Many types of creditors have the right to file a complaint in court for unpaid debt. Wage garnishment laws give creditors the ability to withhold money from your paycheck, but not all creditors are required to go to court before they can garnish your wages. This article will explain what wage garnishment is, who can garnish your wages, and how bankruptcy can help stop wage garnishment.
Wage garnishment laws give creditors the ability to withhold money from your paycheck when you don’t pay your debts. Creditors like hospitals, credit card companies, and loan companies can go to court and get a garnishment order that instructs your employer to withhold a certain amount of money from your paycheck until the debt is paid off. Creditors like the IRS and state tax collection agencies do not have to go to court before they’re allowed to garnish your wages for unpaid taxes.
Federal law limits how much money an employer can take from your disposable earnings. Filing for bankruptcy stops most wage garnishments, but not if you have unpaid child support payments. This article will explain what wage garnishment is, who can garnish your wages, and how bankruptcy can help stop wage garnishment.
Introduction to Wage Garnishment
When you make a student loan, buy a car, or open up a credit card account, the paperwork you sign contains language that outlines what your creditor can do if you stop making payments. The language states that your creditor has the right to sue you in court for unpaid debts. It also typically states that the creditor can ask the court to have you pay court costs and attorney fees associated with collecting the unpaid debt, as well as interest on the balance owed. The creditor will typically request a wage garnishment order to recoup the money you owe.
If you receive a summons, open it.
Many types of creditors have the right to file a complaint in court for unpaid debt, including hospitals seeking payments for past-due medical bills, credit card companies, personal loan providers, and other lenders. Once this paperwork is filed with the clerk of the court, you will receive a summons. Open the summons immediately so you can answer within the timeframe stated in the paperwork. You may be tempted to ignore it, but remember that many people successfully fight creditor lawsuits. It’s also important to read the summons to make sure it doesn’t have any errors, like the amount of money owed.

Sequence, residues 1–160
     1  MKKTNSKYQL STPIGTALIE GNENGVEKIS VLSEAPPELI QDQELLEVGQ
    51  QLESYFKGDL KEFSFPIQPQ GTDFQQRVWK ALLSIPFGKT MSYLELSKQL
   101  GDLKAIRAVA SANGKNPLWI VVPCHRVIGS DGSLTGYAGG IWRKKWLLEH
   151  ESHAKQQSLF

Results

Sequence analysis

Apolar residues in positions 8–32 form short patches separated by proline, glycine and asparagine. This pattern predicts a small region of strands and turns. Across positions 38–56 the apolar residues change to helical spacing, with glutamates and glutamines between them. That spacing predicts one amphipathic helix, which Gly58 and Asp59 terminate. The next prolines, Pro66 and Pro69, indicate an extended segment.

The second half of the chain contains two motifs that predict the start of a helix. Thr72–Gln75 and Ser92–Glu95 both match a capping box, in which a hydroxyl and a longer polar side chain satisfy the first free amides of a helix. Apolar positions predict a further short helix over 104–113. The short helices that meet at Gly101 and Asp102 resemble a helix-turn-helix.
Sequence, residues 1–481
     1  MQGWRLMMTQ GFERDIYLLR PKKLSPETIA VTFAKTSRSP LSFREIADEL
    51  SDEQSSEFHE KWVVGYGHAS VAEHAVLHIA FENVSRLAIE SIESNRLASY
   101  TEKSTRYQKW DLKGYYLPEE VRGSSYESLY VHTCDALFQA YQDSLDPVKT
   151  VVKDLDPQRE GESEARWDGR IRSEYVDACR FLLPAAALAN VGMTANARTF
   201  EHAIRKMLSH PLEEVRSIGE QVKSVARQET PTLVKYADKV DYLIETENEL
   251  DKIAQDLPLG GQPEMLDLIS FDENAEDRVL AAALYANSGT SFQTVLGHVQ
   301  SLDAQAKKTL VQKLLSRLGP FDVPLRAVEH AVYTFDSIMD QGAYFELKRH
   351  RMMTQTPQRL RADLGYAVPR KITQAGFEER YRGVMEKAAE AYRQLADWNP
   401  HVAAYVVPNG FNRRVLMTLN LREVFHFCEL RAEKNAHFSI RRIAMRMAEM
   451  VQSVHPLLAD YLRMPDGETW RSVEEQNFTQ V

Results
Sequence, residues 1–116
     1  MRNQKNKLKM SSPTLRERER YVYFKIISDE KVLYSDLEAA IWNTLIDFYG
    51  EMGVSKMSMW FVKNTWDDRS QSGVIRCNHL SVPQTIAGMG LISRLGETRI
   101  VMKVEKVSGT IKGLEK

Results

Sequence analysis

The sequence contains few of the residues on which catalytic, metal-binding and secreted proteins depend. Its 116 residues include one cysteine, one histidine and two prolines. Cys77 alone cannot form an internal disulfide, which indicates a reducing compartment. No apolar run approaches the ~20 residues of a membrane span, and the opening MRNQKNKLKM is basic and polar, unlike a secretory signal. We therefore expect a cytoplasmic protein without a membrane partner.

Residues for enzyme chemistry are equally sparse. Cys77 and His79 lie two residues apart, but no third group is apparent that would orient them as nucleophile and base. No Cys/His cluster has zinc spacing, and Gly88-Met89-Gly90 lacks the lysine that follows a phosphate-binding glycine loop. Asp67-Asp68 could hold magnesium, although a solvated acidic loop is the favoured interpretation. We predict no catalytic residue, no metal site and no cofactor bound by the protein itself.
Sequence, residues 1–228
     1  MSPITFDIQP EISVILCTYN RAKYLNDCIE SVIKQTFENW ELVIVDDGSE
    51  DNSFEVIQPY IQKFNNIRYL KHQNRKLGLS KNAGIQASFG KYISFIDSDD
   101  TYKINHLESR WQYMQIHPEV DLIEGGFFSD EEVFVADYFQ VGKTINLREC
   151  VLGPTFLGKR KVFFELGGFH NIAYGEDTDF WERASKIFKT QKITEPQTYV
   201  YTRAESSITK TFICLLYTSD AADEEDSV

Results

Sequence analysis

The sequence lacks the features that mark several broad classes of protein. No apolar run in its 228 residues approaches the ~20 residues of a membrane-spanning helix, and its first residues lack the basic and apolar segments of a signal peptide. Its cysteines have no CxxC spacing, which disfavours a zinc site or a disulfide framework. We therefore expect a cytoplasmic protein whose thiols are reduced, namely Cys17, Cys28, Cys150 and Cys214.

Some state laws allow wage garnishments to happen in two steps: First, a judgment from the court is issued. Then a post-judgment process occurs, where your employer receives the garnishment order to withhold money from your paycheck. Other state laws streamline the process by including the withholding order as part of the court judgment for the wage garnishment.
If your creditors receive a judgment, they can ask the judge for a withholding or garnishment order that allows them to garnish your wages. This order then goes to your employer, who will withhold part of your earnings from your paycheck. The money withheld will be sent to either the court or the creditor, as specified in the garnishment order.
Federal law limits how much can be withheld from your wages.
Your entire paycheck cannot be withheld, as you still need to have money to cover your living expenses. Under a federal law known as the Consumer Credit Protection Act (CCPA), there are garnishment limits placed on the amount of money that can be withheld from your wages. This federal law limits how much money your employer can withhold. This law applies in all 50 states.
The amount of money withheld depends on your pay period, which might be weekly or bi-weekly. Generally, the amount is the lesser of 25% of your disposable income or the amount by which your disposable income exceeds 30 times the federal minimum wage of $7.25 per hour. Also, under the CCPA, you can’t be fired if your employer receives a withholding order.
Some income is exempt from garnishment.
This federal law also provides exempts certain types of income from being garnished. It is important to understand these exemptions, especially if you are retired or have a disability. There are also state law exemptions. These exemptions include income from Social Security benefits, unemployment payments, retirement, workers’ compensation, and life insurance.
You can file a claim of exemption with the court. This claim of exemption will stop some or all of the money being garnished from being withheld from your paycheck. Once the garnishment order is granted to your creditor, you have a very limited time to file a claim for exemption. Some states give you as few as five days, so file your claim of exemption as soon as you receive a copy of the garnishment order.